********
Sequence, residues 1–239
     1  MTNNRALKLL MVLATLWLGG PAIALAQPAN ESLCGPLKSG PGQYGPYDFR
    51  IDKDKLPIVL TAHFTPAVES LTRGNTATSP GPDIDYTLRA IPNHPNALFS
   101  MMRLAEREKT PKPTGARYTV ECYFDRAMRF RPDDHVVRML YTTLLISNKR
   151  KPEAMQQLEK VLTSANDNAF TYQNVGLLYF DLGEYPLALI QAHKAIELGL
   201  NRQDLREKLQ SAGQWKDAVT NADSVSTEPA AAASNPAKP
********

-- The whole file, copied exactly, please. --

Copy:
Sequence, residues 1–239
     1  MTNNRALKLL MVLATLWLGG PAIALAQPAN ESLCGPLKSG PGQYGPYDFR
    51  IDKDKLPIVL TAHFTPAVES LTRGNTATSP GPDIDYTLRA IPNHPNALFS
   101  MMRLAEREKT PKPTGARYTV ECYFDRAMRF RPDDHVVRML YTTLLISNKR
   151  KPEAMQQLEK VLTSANDNAF TYQNVGLLYF DLGEYPLALI QAHKAIELGL
   201  NRQDLREKLQ SAGQWKDAVT NADSVSTEPA AAASNPAKP